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Electric Signs

10 Pitfalls With Channel Letters

Remember these simple tips and improve the look of your channel letters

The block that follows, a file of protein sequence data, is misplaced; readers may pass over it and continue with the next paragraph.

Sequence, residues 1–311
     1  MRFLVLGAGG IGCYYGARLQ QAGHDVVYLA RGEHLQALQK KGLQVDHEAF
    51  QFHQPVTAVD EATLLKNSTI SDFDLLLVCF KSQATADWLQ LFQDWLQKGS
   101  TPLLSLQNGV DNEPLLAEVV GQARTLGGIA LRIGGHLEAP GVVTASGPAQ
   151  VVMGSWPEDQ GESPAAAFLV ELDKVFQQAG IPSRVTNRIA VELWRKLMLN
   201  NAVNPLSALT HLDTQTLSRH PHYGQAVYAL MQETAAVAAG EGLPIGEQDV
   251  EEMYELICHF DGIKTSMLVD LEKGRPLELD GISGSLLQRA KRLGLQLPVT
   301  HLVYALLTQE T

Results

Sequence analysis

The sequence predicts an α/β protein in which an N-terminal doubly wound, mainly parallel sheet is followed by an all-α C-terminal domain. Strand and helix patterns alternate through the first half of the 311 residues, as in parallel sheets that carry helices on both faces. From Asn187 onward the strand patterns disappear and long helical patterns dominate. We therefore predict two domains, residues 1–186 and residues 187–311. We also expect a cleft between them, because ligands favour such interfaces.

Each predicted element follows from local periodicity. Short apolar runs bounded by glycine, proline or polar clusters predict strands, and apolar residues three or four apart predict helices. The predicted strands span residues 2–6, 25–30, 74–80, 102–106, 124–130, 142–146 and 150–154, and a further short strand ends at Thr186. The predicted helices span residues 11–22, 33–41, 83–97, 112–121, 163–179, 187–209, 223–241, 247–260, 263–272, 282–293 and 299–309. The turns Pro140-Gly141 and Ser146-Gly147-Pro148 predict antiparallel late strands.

Channel Letters, especially those in the shopping mall environment, are often fabricated to cover-up mediocre neon bending. Some of the problem is in the design of the sign. Bids are sent out to get prices without sufficient data to make and install a functional letter. Prices are sent anyway, and work-a-rounds are often created on site. Just to avoid any possible comments the premier issue with channel letters is the Listing requirement. This will be a topic for another issue. National Electrical Code (NEC) Article 600-4: Listing Required. Every electric sign of any type, fixed or portable, shall be listed and installed in conformance with that listing, unless otherwise permitted by special permission. 1. Clearance The shape of the letter itself dictates how the neon goes inside. For safe operation, the codes have spelled out what cubic volume is required around the tube itself. This is commonly in the form of a table equating a distance to a voltage level. It is obvious that the higher the voltage level the greater the distance to grounded metal required. Note that it is the metal (grounded or otherwise) that interacts with the electrical field. NEC 600-34(b) . . . shall be separated from grounded metal and combustible material by noncombustible, nonabsorbent insulating material or be supported so as to maintain a separation of not less than 1 1/2 in. between conductors or between conductors and any grounded metal. 2. Grounding Proper grounding is not a science, but too many sets of neon letters do not have it right (improper connectors, excessive lengths of flexible conduit and transformers that are simply set into the transformer boxes). Unfortunately the code does not take into consideration the fact that traditional neon transformers do not "shut off" when the secondary shorts to ground. The function of the ground in primary power connections is to facilitate the operation of the circuit protection. The ground may even become a detriment in the secondary neon circuit. It should be noted that some countries have or are looking at eliminating metal conduit (ie, grounded metal conduit) from neon circuits. 3. Splices Although it is often considered as acceptable simply "because it’s been done that way for years," a twisted splice may not meet the code. Note that the NEC does not say "twisted wire" anywhere. The norm for electrical work is: NEC 600-34 . . . mechanically and electrically secure. This would equate to some sort of device in other aspects of electrical work. The reason wire nuts were invented was to eliminate the tedious work of twisting soldering, and wrapping that once was common in circuit wiring. The room for complications in completing a "twisted-wire splice" per the specs makes mechanical connectors look like a bargain. A "twisted wire splice," if acceptable, still requires insulation. A twisted splice is often looked at as functional and less expensive than housings. The cost of labor is frequently a factor in how a product is constructed. Reducing a known cost, like materials, is routinely used as a method to compete on price. The reality is usually realized in utilizing labor-saving devices. They can control the unknown costs. 4. Insulation There are no bypasses in the code for insulation. The last decade has shown that the new methods of plastic production have created several types of high quality wire. The problem in channel letters is not always the wire’s insulation, but that of the splice. For several years now the NEC MO-34 (d) has required All electric-discharge tubing terminals shall be insulated with a material suitable for the voltage and environmental conditions expected. There are many types of sleeves and boots being used that do not fit "environmental conditions." Long term, they fail. Electrical tape has been utilized as an insulator for many electrical functions. But with electrode connections, tape as an installation device has little functionality and plenty of room for human error. There are several top quality insulating devices on the market that will fit the bill. Even with these parameters, there is a chance for excessive modifications, leaving the product semi-functional. For now, it appears that glass, long term, holds the most credence. 5. Competent Bending The discussion of insulation, twisted wires and clearance could possibly be summed up into one category: competent bending. One of the reasons that there are clearance problems is the poor level of control expressed by some tube benders. This leaves the installer with an insurmountable problem: Scholck’s First Theorem: The lower the cost, the greater potential for problems. Unfortunately this leads to our next topic: serviceability. Sometimes, it seems that "twisted wire" connections are a "must" as "too much control" is required to bend a tube that fits into glass housings (even though there are several types on the market that could be considered adjustable or at least forgiving). There is no shortage of housings or housing styles, although I can think of several refinements that would create efficient, safe products. Those who use glass electrode receptacles create superior products in several categories. 6. Serviceability During the 1970s, neon channel letters were gaining popularity despite a reputation for being expensive, long term. This unfortunately is a concern that many end users do not understand. Years of service and installation have shown that opening a letter, untwisting wire ties and pulling a tube from its sockets is vastly superior to any other form. I can remember using a mirror for one job, because the letters were assembled and pushed into/onto the wall "never to be removed." I knew that I would be back because I was unable to make a proper reconnection when a lamp was serviced. The lesson: Always design letters so they can be serviced later. It’s cheaper for the customer and saves on maintenance. 7. Weatherability Several components have not shown their long term viability for use in channel letters, including backing materials in which the screw holes elongate and faces pull lose, gaskets that do not keep the environment out (as required), or adhesive bonds that fail from long term ultraviolet (UV) exposure. Unfortunately, the products are often quite legitimate. The room for improper treatment, assembly or utilization leaves too much room for error. There will be exposure to other damaging forces as well. You must design to limit the impact of small creatures as much as the impact of rain. Open-backed letters have long held a special place in the hearts of bird watchers everywhere. They provide warm, out-of-the-way places in even the biggest of cities. (I have seen many a great bug collection started this way also). 8. Cold-Weather Operation Although enclosed in channels of metal and plastic, the neon in exterior channel letters lives in almost the same environment as an exposed tube. The neon tubes routinely fail to adequately illuminate in a cold environment. There are several solutions: clear tubes, different colors, and even incandescent lamps. Incandescents burn bright in any weather and have been utilized as a heat source. In large scale letters, they warm the interior environment of the channel letter. 9. Visibility This is a subjective rating when applied to channel letters. Script letters in face-lit situations look better when viewed off-center than the same copy reverse lit. Blue is a poor color choice because of the way we as humans view it. This is not as important indoors where, there is additional ambient light. Several other colors and combinations require greater lumens to create a good appearance. They often end up looking poor when constructed in a standard manner. In a recent sign design, there was four times the light in a defined space. This was imperative to obtain a good look for a royal blue and forest green logo. Imagine some letters with four times as many tubes! 10. Installation One thing that often kills a good letter design is the installation. Although the visual look is maintained, there are many obstacles that create hazards only "gerry rigging" will overcome. One recent fire scene looked as though several building members were involved right at the point of conflagration. The installer modified the design and eliminated proper conduit connections to keep from drilling through the obstruction. The installation had worked for a while. Unfortunately the building relied heavily on wood construction. Give an arcing neon letter enough time and . . . who knows. Field inspections and prefabrication are the only methods that catch problems firsthand. Poor building design and quick refurbishes to convert a store over leave the sign installer with a bunch of headaches. Conditional installations are the one way to go into the unknown. Hit an obstruction, back to the shop rework and re-bend till it is correctly installed. Costs are passed on to the end user.